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0answers
26 views

can light bounce off another light? [duplicate]

If light is a wave and a particle (wave particle duality), is it possible for light to bounce off another light since light bounces of another matter(particle)?
0
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1answer
58 views

Light Spectrum - Sum of Waves or Collection of Waves

I am wondering about the spectrum of light that is often shown pictorially as a distribution of power, say, from sunlight. My question is: does this indicate that each wave of light contains all of ...
0
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1answer
47 views

Fourier expansion and transform - what about the phase of the waves that i am adding?

Say we have a wave on the surface of the water and we want to describe it as a sum of other waves. So we use Fourier expansion to add waves of different wavelengths. For simplicity, say we have to ...
3
votes
2answers
268 views

How does Huygens Principle incorporate the unidirectional property of a traveling wave?

I was reading French's Vibrations & Waves where he discusses Huygens-Frensel Principle. The principle talks about how secondary sources give rise to secondary wavelets to form the displaced ...
1
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1answer
48 views

What justifies adding phasors' vertical components

I learned that, when superimposing two waves on top of each other to calculate the resulting wave's amplitude, it's helpful to use phasors. From what I gathered, phasors are vectors originating at the ...
4
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2answers
78 views

Refraction, diffraction or reflection of human voice

Why is possible to hear in an open space someone's voice even if he's not facing me? Is it because of refraction, diffraction or reflection of the sound wave?
2
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1answer
70 views

Wave equations - how to get a real solution from imaginary roots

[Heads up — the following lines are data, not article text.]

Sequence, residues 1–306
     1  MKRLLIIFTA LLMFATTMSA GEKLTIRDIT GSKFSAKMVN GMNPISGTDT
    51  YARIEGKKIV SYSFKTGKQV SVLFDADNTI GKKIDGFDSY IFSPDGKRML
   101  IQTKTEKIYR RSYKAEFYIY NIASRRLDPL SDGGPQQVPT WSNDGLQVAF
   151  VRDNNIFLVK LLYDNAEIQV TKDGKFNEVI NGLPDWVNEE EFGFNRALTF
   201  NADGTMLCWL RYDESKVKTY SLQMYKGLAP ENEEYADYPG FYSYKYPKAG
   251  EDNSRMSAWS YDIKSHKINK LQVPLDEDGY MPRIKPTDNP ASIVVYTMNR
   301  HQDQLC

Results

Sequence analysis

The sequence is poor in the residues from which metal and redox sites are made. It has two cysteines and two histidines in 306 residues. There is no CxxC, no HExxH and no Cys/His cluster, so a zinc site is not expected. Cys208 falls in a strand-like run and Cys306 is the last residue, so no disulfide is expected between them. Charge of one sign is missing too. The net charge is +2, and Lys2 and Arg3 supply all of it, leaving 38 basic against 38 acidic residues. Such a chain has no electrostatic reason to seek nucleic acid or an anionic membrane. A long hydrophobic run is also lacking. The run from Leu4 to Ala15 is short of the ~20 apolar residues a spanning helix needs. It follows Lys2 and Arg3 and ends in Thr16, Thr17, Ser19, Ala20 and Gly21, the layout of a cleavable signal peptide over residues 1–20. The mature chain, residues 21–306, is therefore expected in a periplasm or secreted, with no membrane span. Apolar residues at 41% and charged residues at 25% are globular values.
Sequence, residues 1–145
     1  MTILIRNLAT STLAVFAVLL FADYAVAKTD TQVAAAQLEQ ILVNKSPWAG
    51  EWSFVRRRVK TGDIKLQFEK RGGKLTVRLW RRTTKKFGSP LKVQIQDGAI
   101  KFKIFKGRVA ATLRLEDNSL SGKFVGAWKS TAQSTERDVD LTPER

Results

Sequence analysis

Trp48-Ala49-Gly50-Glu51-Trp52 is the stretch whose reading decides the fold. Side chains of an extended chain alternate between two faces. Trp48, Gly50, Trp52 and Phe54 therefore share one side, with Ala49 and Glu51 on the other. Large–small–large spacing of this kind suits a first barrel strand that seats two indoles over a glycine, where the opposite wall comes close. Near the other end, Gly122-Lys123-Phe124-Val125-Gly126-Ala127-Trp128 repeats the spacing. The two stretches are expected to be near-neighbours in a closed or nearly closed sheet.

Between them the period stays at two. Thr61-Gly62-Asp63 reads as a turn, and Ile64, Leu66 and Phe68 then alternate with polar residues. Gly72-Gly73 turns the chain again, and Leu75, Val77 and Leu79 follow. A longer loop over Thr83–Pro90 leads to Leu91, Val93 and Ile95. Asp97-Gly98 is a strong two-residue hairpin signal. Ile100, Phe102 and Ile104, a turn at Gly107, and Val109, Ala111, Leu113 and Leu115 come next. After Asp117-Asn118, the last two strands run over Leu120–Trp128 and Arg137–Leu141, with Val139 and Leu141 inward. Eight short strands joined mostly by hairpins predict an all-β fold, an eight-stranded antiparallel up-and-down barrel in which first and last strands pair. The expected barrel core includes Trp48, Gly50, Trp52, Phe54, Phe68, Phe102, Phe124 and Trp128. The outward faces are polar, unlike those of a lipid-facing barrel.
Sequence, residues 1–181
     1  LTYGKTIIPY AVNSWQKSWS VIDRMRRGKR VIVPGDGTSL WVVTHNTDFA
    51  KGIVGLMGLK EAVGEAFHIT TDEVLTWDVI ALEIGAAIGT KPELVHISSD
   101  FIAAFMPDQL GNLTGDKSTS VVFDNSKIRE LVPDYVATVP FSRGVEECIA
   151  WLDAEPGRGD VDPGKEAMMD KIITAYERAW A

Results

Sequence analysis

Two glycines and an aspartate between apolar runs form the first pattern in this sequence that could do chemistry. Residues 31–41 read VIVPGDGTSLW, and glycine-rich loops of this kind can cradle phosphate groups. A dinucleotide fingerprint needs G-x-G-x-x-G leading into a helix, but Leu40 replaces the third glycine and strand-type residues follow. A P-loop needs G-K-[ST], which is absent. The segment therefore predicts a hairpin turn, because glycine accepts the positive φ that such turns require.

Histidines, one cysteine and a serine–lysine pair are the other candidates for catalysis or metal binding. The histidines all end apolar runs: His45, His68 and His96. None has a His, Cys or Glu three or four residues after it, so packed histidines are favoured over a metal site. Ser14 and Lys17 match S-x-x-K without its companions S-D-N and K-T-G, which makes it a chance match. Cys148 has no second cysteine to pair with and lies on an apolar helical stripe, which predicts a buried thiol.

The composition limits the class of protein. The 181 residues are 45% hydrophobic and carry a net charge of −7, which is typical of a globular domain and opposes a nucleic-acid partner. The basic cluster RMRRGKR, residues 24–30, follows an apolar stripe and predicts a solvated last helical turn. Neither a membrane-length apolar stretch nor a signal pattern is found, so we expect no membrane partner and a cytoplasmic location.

Im trying to follow the derivation on how to solve Laplace equation used in my fluid dynamics course. We are trying to solve for the velocity potential in potential theory. So far we have this: ...
0
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2answers
36 views

Does background noise while strumming a string affect the frequency recorded?

Does the interference of the waves cause instances of destructive interference where there is no amplitude. Technically the wave is still there although its amplitude is 'cancelled' out but those ...
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2answers
144 views

Do two waves of different frequencies create a resultant wave of lower frequency?

In my results for testing background noise, i found that while strumming a guitar in: a noisy area, the frequency picked up by the mic was 352 Hz while in a quiet area, the frequency picked up by ...
3
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2answers
54 views

Why array of telescope is used?

To increase the resolution of an instrument, smaller wavelength and larger aperture is desirable. It is mentioned in some textbooks that the "effective" diameter of a telescope can be increased by ...
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1answer
445 views

How does temperature affect the frequency produced by a fixed vibrating string

How does temperature affect frequency produced by a fixed vibrating string? In the case of the sonometer experiment, the length is fixed so temperature cant really affect length. It affects the ...
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0answers
123 views

Question about dark fringe in diffraction

In finding the angle for the mth dark fringe of single slit diffraction using Huygen's principle, they usually split the slit into equal portions. For example, to find the first dark fringe the slit ...
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2answers
52 views

Interference of two waves of different frequencies relevance to background noise + sonometer

If two sound waves of different frequencies are recorded then does the interference between the two waves of different frequencies alter the resultant frequency recorded. In better context, I'm ...
0
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1answer
67 views

Does the term phase difference apply only for sinusoidal waves?

This question may sound dumb, (it will to me, hopefully, in a day or two!), but does the term phase difference apply only for sinusoidal waves? Wikipedia defines 'phase' as the following: Phase ...
1
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2answers
218 views

modelling the sound wave of a guitar string with an equation [duplicate]

Currently I'm doing a physics related coursework on guitar strings and wave. I would like to ask how I can model the sound wave of a guitar with an equation. I asked some of my teachers and they told ...
0
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1answer
44 views

Energy conservation in interference?

Does interference of light follows first law of thermodynamics? If yes then where does light vanishes in minimum interference pattern?
1
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1answer
95 views

How does one measure the phase of a wave?

Given an electromagnetic wave of unknown characteristics, is it possible to measure its phase? Or does it always have to be inferred from interference with another wave (e.g. beating etc.)?